24 HOUR MOVIE MARATHON: REVIEW

24HrA SURVIVOR’S ACCOUNT

Emerging from Vancouver’s venerable film-lovers’ utopia, Pacific Cinematheque, on the gloomy, overcast morning of Sunday, Feb. 17, I’m a bleary-eyed jumble of elation, triumph and discomfort. I feel like a survivor, a modern day movie-going warrior who’s taken the ultimate endurance test and been generously rewarded for his time, sleep deprivation and nagging leg cramps. My only regret is the knowledge that, having conquered the theatre’s thoroughly successful 40th Anniversary 24 Hour Movie Marathon, it’s going to be mighty tough to find a follow-up challenge even half as cool.

When I took my aisle seat Saturday morning, much of the event was shrouded in mystery. We knew the theme was “Movies about Movies,” and had a small fraction of the titles divulged to us, but how would they all fit together? Would there be a plethora of obvious choices (Get Shorty or Inglourious Basterds, perhaps?) or a tough slog of experimental efforts taxing us during the wee hours?

The marathon programmers, fortunately, were way ahead of us, having compiled a near flawless playlist of classics, curiosities and obscurities that touched on both the art and business of filmmaking, as well as the richness and lasting transformative effects of the cinema-going experience. After a bravura opening trio – Buster Keaton’s innovative and still jaw-dropping slapstick wonder Sherlock Jr., Francois Truffaut’s sweetly hilarious love letter to film production Day for Night and Christopher Guest’s incisive showbiz mockumentary For Your Consideration – the mood was firmly set and the audience ready to go wherever the marathon carried them.

At this point two fascinating foreign works were screened that explored the potent power cinema holds over our lives. Abbas Kiratostami’s 1990 documentary Close-Up presented the poignant true story of a down-on-his-luck Iranian man who, inspired by the art of director Mohsen Makhmalbaf, assumed the man’s identity as a means of achieving the recognition and respect he so badly yearned for. Following that touching gem was Hirokazu Koreeda’s After Life, which imagines a purgatory wherein the deceased can move onto the next phase of hereafter only after recreating their most treasured memories on celluloid. Haunting and introspective, Koreeda’s meditation on cinema’s everlasting essence left viewers raving.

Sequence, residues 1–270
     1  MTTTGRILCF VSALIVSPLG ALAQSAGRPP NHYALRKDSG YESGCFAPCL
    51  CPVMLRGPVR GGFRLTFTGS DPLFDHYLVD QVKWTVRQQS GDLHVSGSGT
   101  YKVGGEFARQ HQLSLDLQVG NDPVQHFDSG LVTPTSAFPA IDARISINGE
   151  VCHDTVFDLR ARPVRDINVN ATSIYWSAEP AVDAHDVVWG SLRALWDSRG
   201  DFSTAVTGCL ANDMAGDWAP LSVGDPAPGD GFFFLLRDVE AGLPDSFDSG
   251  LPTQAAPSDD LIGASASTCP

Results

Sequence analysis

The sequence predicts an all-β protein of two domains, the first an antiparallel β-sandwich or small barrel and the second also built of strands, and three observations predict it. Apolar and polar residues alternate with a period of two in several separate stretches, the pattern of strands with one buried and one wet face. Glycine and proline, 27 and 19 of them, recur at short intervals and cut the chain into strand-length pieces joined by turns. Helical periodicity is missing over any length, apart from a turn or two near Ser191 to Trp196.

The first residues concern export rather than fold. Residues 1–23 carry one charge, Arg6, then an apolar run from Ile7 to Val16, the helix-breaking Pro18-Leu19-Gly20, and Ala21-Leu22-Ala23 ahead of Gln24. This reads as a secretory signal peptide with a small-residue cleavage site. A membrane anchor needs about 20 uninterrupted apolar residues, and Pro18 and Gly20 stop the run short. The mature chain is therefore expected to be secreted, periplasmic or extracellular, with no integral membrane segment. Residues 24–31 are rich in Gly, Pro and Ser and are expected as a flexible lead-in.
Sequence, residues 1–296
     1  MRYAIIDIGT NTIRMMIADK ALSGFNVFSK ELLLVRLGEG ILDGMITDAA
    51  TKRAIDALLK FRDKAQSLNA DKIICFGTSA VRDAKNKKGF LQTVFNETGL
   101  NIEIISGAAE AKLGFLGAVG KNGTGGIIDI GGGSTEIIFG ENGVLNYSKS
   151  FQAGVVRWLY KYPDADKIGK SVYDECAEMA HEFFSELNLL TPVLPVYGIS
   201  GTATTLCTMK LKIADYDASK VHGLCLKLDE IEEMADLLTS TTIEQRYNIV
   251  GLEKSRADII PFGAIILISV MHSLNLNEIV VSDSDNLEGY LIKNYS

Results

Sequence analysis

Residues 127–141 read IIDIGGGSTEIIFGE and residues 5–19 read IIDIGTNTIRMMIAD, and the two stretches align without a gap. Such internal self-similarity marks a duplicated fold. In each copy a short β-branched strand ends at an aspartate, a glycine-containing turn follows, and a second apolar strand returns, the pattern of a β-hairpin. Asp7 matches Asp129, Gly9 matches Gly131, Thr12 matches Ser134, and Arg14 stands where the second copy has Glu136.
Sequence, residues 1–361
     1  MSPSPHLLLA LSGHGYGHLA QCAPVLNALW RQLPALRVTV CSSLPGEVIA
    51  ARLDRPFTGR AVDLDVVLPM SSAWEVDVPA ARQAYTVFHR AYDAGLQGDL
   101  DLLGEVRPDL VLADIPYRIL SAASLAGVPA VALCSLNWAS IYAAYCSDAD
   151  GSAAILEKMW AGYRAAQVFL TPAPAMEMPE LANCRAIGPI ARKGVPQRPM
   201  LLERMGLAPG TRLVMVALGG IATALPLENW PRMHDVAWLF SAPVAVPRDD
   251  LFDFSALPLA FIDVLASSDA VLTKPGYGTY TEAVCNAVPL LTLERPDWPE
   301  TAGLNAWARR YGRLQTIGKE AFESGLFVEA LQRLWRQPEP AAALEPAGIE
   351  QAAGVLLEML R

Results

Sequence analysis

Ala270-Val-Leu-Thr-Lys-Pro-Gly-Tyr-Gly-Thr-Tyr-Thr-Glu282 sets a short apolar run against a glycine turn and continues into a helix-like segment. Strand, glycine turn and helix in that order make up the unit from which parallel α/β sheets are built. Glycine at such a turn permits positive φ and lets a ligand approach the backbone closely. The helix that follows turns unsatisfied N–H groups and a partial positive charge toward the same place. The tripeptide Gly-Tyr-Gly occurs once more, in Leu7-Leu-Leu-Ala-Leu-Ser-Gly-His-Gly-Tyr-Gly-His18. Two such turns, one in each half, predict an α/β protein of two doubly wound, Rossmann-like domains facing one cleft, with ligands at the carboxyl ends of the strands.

The energy picked up with Robert Altman’s razor-edged satire The Player – a film that is as brutally relevant today as it was back in 1992 – and Les Blank’s captivating and bizarrely hilarious documentary Burden of Dreams, a warts-and-all behind-the-scenes look at the tormented, hubris-plagued location shooting of Werner Herzog’s Fitzcarraldo. Then we were treated to a fantastic oldie in Vincente Minnelli’s The Bad and the Beautiful, a brilliant noirish melodrama about a ruthless producer (Kirk Douglas) who alternately inspires and forever damages his creative collaborators.

Moving into the home stretch, any sleepy eyes were jolted awake by the one-two punch of Paul Thomas Anderson’s electric porn saga Boogie Nights and the campy Dario Argento-produced Demons, an ultra-gory, winking B-movie blast of silliness. The 1985 theatre-set horror flick features an army of possessed flesh-eaters, coke-snorting punkers and one extremely random helicopter crash.

Closing out the marathon were two affectionate odes to nostalgia. Giuseppe Tornatore’s adored Cinema Paradiso, a coming-of-age story centered around a small town movie theatre in post-WWII Italy, charmed in spite of the fact its leisurely pace was a bit tough for attendees running on fumes. Nonetheless, the Cinematheque crew closed with a bang, presenting the gorgeous Technicolor musical masterpiece Singin’ in the Rain. Just the sight of beaming Gene Kelly, Donald O’Connor and Debbie Reynolds was enough to enliven the spirit, and the opulent musical numbers served as fitting final fireworks for an event celebrating the enduring beauty, innovation and importance of the film medium.

As the room brightened, and the 50 of us or so who made it to the end dazedly gathered up our scattered pillows, blankets, energy drink cans and complimentary marathon survival kits, there was a palpable feeling in the air that we had shared in something very special. And, you know something; given a few hours of catch-up sleep, I’m confident many would have been game to do it all over again.

Here’s hoping the good folks at Pacific Cinematheque felt the same way.

By Cam Smith

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